( grammar ) In a clause: the word or word group (usually a noun phrase) that is dealt with. In active clauses with verbs denoting an action, the subject and the actor are usually the same.
In the sentence ‘The mouse is eaten by the cat in the kitchen.’, ‘The mouse’ is the subject, ‘the cat’ being the agent. The main
topic of a paper, work of art, discussion, field of study, etc.
John Milton (1608-1674)
subject for heroic song
John Dryden (1631-1700)
Make choice of a
subject, beautiful and noble, which [… ] shall afford an ample field of matter wherein to expatiate.
William Shakespeare (1564-1616)
subject of these quarrels
: 1905, Baroness Emmuska Orczy, chapter 5, The Hocussing of Cigarette 
Then I had a good think on the subject of the hocussing of Cigarette, and I was reluctantly bound to admit that once again the man in the corner had found the only possible solution to the mystery.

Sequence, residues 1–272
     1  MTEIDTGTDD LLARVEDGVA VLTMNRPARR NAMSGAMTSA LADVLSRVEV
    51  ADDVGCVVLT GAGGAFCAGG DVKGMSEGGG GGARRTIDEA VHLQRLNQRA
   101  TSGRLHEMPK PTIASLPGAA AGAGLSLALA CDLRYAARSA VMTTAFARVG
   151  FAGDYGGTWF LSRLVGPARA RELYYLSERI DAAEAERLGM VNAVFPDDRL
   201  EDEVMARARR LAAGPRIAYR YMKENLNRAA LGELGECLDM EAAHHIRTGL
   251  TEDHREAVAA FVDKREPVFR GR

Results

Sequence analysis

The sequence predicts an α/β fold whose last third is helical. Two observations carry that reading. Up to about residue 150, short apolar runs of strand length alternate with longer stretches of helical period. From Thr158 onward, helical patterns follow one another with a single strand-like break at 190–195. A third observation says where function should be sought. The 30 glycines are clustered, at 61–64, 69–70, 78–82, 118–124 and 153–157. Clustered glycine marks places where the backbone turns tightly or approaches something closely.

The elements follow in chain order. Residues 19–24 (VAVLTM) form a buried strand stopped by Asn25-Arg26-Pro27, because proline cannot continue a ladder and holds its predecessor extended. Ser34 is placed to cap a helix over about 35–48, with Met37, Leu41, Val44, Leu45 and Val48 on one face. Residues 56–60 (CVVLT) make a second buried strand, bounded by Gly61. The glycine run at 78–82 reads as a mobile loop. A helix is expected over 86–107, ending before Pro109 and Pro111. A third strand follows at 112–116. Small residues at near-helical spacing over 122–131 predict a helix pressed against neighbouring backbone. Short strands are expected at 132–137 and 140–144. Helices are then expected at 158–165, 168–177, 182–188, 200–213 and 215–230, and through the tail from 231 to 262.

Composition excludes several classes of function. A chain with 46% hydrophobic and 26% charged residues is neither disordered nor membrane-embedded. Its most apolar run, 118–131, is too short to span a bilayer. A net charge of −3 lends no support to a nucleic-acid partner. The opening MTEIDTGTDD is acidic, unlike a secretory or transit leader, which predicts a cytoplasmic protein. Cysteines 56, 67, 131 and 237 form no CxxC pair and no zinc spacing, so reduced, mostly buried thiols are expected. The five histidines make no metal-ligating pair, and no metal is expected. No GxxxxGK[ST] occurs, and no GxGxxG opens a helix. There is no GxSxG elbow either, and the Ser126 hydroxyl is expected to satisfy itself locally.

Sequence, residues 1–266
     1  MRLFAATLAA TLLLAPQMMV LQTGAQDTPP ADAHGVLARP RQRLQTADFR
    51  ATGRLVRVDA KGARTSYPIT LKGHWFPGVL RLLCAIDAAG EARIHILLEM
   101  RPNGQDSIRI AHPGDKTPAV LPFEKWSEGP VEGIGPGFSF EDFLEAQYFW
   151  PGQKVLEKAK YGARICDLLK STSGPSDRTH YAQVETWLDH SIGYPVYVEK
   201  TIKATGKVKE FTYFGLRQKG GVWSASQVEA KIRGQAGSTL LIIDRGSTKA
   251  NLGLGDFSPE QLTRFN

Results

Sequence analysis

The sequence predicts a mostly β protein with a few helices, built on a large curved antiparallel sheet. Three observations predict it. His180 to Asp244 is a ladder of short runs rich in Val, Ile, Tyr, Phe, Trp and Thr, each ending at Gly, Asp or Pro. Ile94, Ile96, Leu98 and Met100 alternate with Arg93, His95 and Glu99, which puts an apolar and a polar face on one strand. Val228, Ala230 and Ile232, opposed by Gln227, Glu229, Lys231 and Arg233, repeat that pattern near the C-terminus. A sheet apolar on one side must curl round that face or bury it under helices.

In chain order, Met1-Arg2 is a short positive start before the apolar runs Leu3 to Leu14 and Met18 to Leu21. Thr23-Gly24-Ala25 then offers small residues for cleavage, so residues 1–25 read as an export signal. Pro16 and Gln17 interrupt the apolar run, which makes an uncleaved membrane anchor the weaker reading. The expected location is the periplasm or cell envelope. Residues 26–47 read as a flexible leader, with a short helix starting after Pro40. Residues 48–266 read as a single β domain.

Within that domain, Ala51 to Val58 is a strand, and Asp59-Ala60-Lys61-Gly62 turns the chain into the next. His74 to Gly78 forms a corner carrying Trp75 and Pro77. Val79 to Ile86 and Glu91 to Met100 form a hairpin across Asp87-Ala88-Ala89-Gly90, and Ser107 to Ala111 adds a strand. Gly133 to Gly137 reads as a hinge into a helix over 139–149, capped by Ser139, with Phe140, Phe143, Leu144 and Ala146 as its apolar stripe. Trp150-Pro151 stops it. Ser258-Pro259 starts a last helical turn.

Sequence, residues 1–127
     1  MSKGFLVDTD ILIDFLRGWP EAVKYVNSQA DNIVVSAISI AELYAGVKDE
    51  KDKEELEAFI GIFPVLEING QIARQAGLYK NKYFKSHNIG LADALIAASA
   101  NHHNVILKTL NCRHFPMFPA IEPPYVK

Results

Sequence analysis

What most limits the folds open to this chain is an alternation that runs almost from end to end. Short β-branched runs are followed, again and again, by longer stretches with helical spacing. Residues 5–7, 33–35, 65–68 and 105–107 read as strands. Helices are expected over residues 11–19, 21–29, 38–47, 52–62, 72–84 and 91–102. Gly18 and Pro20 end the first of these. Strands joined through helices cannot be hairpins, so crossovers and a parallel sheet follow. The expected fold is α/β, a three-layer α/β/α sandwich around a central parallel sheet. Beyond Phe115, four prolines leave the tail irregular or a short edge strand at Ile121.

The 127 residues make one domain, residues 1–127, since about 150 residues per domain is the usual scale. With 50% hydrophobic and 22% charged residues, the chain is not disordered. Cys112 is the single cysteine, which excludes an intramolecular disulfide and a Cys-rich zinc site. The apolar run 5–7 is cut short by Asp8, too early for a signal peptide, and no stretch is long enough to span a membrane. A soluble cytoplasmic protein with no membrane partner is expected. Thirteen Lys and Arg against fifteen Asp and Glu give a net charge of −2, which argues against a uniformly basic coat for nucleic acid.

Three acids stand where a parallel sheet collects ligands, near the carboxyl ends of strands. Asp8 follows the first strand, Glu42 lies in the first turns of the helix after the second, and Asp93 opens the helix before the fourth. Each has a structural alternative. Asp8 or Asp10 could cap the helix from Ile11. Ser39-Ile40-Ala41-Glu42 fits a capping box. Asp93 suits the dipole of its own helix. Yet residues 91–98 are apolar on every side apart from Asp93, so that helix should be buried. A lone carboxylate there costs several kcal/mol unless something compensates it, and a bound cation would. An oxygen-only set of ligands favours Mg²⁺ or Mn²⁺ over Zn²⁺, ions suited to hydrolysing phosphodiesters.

: 1922, Ben Travers, chapter 5, A Cuckoo in the Nest
The departure was not unduly prolonged. [… ] Within the door Mrs. Spoker hastily imparted to Mrs. Love a few final sentiments on the subject of Divine Intention in the disposition of buckets; farewells and last commiserations; a deep, guttural instigation to the horse; and the wheels of the waggonette crunched heavily away into obscurity. A particular area of study.
Her favorite subject is physics.
: 2014 June 14, “ It's a gas”, , volume 411, number 8891 The Economist
One of the hidden glories of Victorian engineering is proper drains. [… ] But out of sight is out of mind. And that, together with the inherent yuckiness of the subject, means that many old sewers have been neglected and are in dire need of repair. A